Monday, May 16, 2016

The Master

Although the title of The Master by Colm Toibin refers to the novel's subject, Henry James, it could easily refer to Toibin himself and the way that he is apparently a master of characterization and narrative voice--at least, that's my opinion of him after reading both this and his lovely novel Brooklyn. The tone of each novel is so different that it would be easy to believe that they were written by two different authors. In Brooklyn, he draws a nuanced and intimate portrait of a young Irish girl on her own for the first time. In The Master, he focuses a similar lens on a middle aged Henry James, but uses a completely different writing style that mimics James's own style, with long sentences that slowly reveal the most minute occurrences and thoughts.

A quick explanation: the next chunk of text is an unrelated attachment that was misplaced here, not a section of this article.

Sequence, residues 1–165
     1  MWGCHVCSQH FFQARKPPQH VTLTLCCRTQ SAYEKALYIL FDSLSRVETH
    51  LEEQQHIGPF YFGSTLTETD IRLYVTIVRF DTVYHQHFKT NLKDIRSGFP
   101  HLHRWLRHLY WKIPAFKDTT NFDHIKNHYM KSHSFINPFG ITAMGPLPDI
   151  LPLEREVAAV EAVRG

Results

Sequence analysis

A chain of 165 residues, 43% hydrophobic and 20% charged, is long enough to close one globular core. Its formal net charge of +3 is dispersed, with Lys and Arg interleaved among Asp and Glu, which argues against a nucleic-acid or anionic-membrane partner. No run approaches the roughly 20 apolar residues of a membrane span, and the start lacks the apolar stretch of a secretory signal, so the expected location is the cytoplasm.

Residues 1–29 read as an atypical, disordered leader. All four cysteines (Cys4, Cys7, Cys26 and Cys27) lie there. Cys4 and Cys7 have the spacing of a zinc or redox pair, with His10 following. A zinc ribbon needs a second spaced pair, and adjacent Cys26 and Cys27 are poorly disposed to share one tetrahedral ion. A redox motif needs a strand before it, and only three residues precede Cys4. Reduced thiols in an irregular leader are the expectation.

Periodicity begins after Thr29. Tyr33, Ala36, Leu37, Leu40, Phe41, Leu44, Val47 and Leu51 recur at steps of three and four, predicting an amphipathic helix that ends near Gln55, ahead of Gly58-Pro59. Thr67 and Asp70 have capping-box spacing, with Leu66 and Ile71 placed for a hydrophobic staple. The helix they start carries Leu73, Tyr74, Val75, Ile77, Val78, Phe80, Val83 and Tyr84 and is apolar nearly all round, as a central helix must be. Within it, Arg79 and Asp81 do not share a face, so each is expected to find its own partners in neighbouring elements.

There is no strong plot line running throughout The Master. Instead, each chapter focuses on a different episode in James's life, and in particular the different, often unconventional, relationships he had with family, friends, and potential lovers. The threads that do connect each segment of the novel add up to create a picture of a self-contained, highly observant, witty, and often lonely writer. The fact that the writing style does take a similar tone as James's work does mean that the pace can feel like it's dragging a bit. Just like many of  James's novels, I found The Master to be a slow start. Once I got beyond the first third, though, I was completely drawn into it. The portrait of James's life was so interesting that I'm sure it will inspire me to read more of his novels in the future, despite the fact that those are reading experiences that I sometimes regret

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